Dave Touchette

Dave Touchette is a post-doctoral researcher at the Institute for Quantum Computing (IQC) and the Perimeter Institute for Theoretical Physics (PI). He collaborates with Ashwin Nayak, Debbie Leung, and Norbert Lütkenhaus on topics related to quantum information theory. In 2015, Dave moved from his hometown of Montreal, Quebec to Waterloo, Ontario with his partner, Valerie, and their first 2 children.

Dave began his studies at McGill University, where he completed an undergraduate degree in Mathematics and Physics. At McGill, he was drawn to information theory and learned about the broad reach of these ideas even in black hole physics. He went on to publish a paper with Kamil Bradler, Patrick Hayden, and Mark Wilde.[1] Following this success, Dave joined Gilles Brassard and Alain Tapp at the Université de Montréal to pursue his PhD in Computer Science. At Montréal, he was taught quantum cryptography topics by researchers who helped to lay its foundations. Influenced by his work with Brassard and Tapp, Dave's research interests moved towards quantum communication complexity and interactive communication.[2]

Following his studies, Dave moved to IQC because it is "one of the leading centres worldwide" in quantum information and features a concentration of top researchers like nowhere else. He was also attracted to PI’s reputation as a great environment for research in quantum information.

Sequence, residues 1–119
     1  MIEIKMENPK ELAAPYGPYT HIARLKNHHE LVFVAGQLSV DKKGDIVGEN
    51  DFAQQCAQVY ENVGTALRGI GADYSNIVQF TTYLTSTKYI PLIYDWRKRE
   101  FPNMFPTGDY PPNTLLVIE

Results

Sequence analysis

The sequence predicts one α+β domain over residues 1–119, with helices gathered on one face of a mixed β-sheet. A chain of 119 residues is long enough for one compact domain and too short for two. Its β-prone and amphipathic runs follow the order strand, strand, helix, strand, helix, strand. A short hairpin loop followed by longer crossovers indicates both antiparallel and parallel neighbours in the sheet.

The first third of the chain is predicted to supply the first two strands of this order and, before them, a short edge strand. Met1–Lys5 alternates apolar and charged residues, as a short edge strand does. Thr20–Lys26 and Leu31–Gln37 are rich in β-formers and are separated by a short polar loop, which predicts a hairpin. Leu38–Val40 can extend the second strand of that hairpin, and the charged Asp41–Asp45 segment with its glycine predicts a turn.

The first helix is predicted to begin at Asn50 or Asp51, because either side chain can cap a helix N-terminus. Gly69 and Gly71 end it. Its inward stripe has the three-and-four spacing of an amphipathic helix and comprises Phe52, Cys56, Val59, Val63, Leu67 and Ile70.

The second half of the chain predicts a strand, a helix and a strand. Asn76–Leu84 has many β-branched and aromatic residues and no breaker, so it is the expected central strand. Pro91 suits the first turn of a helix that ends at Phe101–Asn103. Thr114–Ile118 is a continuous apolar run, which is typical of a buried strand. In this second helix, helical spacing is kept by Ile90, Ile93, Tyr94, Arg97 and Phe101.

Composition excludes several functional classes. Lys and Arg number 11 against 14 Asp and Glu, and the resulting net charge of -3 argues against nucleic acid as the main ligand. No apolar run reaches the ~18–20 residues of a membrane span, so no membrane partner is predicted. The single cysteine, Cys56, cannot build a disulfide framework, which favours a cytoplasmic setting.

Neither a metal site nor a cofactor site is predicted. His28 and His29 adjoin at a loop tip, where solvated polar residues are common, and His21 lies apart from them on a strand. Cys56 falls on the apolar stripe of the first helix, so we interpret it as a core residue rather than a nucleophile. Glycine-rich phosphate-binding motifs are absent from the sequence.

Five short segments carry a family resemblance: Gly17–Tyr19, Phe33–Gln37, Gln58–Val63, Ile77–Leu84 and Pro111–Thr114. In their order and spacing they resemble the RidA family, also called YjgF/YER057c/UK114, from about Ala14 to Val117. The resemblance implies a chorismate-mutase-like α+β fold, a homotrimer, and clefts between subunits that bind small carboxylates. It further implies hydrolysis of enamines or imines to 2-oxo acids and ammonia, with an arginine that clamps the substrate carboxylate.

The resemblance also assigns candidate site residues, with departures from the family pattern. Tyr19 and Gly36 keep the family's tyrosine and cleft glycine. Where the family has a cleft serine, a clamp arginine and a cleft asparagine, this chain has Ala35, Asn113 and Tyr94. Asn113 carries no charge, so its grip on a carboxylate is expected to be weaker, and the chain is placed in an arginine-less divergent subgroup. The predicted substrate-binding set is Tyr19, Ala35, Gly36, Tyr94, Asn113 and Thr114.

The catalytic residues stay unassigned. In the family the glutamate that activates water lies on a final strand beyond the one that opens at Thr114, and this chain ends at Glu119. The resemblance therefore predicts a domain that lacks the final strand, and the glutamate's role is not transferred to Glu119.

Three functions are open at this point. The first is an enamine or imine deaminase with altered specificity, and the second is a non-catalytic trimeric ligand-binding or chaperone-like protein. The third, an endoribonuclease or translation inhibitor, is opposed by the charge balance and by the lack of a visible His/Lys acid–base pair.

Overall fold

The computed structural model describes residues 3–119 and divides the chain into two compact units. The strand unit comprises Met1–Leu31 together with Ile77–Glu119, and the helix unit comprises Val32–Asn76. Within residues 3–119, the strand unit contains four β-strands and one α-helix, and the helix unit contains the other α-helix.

Dave’s research sits at the intersection of classical and quantum information theory. He says that this is an exciting time in information theory; there have been many important developments in recent years that do not yet have quantum counterparts.

To build on these developments, he studies the interactive and quantum counterparts of 2 big problems in information theory: the compression of low information-content messages, and the encoding of messages to overcome noisy communication channels.

His passion for research comes from the thrill of discovering new results and being on the frontier of knowledge. He likes that the tools he develops to solve problems might find applications in the future and help to build the foundation for future work. But for every discovery, there are many obstacles and dead-ends. His advice for young researchers is to focus on the future goals because the “excitement of getting somewhere more than makes up for the disappointments of setbacks.”

When not working on research problems, Dave enjoys spending time with his family. He believes that Waterloo is a good area to raise children because it has many parks and other things for children to do all in a safe environment. His 3rd child was born recently and he hopes to be able to secure a permanent research position near Québec so that his children can be close to their extended family.

[1] K. Bradler, P. Hayden, D. Touchette, M. M. Wilde, "Trade-off capacities of the quantum Hadamard channels," Physical Review A 81, 062312 (2010).

[2] M. Braverman, A. Garg, Y. K. Ko, J. Mao, D. Touchette, “Near-optimal bounds on bounded-round quantum communication complexity of disjointness,” IEEE 56th Annual Symposium on Foundations of Computer Science (FOCS) 2015, 773-791 (2015).